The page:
Carbon dioxide danger for winemakers

Each year during the harvest period, people suffer from CO2 poisoning…

Carbon dioxide in winemaking

CO2 (carbon dioxide, also known as carbonic gas or carbon anhydride) in an hazardous, odorless, and colorless gas that is heavier than air. In the wine growing sector, CO2 hazard happens essentially while working in vats and in buildings (cellars), especially in the lower points of the installations because CO2 is heavier than air, thus it stagnates on the ground…

During the fermentation process, a liter of wine produces 44 liters of CO2. This gas comes mainly from the alcoholic fermentation of the wort. The process begins once the grape skin splits and the temperature exceeds 12°C. Sugar also encounters yeasts that are present on the grape skin or in the air and gradually expands into alcohol.

During the fermentation process, secondary compounds will spread like carbon dioxide, ethanol (alcohol), and glycerols which bring wine its unctiousness, succinic acid, acetic acid which is the vinegar acid and aromatic compounds (the esters) like those from banana or rasberry found in young wines (Beaujolais nouveau).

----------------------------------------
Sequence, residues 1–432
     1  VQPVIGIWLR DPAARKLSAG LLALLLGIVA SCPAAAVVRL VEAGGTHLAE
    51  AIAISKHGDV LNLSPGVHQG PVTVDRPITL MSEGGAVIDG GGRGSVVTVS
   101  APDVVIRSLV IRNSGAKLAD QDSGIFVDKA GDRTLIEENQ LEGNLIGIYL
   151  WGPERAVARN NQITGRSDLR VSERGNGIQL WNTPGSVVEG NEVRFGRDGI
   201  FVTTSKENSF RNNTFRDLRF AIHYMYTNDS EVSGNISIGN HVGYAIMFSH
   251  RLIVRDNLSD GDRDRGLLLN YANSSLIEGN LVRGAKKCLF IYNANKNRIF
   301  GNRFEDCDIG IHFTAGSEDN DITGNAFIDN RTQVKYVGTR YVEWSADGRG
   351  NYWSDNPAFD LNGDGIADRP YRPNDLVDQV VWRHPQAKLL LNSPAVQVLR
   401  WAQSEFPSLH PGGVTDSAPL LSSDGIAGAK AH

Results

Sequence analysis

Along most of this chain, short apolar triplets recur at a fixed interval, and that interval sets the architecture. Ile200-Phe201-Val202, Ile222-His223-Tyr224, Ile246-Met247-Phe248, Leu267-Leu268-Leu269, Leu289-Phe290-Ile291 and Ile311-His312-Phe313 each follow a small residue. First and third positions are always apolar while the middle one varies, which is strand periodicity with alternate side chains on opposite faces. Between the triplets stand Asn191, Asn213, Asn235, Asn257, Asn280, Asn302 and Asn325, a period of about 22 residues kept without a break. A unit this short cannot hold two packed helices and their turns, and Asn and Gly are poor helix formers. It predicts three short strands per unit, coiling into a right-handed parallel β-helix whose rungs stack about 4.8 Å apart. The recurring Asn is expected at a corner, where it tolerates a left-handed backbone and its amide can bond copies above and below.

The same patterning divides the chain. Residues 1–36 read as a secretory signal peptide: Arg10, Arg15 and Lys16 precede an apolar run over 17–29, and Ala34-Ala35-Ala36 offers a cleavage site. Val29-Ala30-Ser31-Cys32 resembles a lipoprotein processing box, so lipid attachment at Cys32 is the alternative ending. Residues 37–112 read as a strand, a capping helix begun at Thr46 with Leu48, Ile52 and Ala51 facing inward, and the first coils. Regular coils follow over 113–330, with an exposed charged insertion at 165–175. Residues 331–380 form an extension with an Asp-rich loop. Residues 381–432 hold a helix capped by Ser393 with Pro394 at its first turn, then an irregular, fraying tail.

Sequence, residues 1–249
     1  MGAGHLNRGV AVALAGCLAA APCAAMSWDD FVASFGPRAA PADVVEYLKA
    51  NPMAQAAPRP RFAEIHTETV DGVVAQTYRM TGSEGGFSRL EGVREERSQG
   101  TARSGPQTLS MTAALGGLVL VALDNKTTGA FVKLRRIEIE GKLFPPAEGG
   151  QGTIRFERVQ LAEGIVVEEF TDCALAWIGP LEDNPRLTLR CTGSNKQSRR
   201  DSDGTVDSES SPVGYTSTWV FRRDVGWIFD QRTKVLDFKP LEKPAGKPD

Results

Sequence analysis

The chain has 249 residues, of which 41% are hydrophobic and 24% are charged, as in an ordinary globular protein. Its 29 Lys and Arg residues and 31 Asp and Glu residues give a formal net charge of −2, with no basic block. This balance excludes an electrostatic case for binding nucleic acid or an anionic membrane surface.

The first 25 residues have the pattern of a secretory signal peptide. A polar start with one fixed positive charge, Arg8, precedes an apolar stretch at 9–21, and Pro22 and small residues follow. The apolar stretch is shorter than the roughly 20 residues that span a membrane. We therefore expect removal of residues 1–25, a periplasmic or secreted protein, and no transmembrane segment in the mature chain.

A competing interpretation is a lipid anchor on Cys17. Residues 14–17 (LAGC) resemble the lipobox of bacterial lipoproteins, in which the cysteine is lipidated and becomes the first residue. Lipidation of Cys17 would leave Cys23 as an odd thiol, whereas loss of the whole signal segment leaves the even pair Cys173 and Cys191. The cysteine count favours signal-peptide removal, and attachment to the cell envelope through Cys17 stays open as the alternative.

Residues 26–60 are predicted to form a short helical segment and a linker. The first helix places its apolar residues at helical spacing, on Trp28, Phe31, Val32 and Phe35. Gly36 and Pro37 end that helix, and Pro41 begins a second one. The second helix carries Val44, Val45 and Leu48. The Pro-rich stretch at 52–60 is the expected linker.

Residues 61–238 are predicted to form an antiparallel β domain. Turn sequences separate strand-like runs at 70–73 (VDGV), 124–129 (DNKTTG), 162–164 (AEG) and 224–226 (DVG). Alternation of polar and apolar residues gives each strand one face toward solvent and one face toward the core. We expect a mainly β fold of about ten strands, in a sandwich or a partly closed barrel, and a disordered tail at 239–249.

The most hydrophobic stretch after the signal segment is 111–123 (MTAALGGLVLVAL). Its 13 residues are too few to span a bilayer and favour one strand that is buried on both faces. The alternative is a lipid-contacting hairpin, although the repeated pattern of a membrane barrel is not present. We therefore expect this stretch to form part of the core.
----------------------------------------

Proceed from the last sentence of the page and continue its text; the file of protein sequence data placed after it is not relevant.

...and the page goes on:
See our equipment selection of gas detectors for wineries and breweries.

CO2 risks and hazards:

Over time and through experience hazards become habits for permanent workers, thus there is a attention decrease… For temporary workers, the hazard is the lack of knowledge and the ignorance of the fermentation process… CO2 hazards in figures:

  • 400 ppm is the CO2 content in fresh air (and healthy)
  • 1000 ppm (0.1 %) : Indoor comfort limit
  • 2000 ppm (0.2 %) : Increased breathing rate
  • 5000 ppm (0.5 %) : Hygiene maximum value (laboratory control)
  • 10 000 ppm (1 %) : Increased heart and breathing rates
  • 30 000 ppm (3 %) : Breathing troubles
  • 80 000 ppm (8 %) : Cramps and fainting in a few minutes
  • 200 000 ppm (20 %) : Unconsciousness and death in a few seconds

How to be protected against CO2 intoxication?

Winegrowers be vigilant, we are waiting impatiently for your next productions !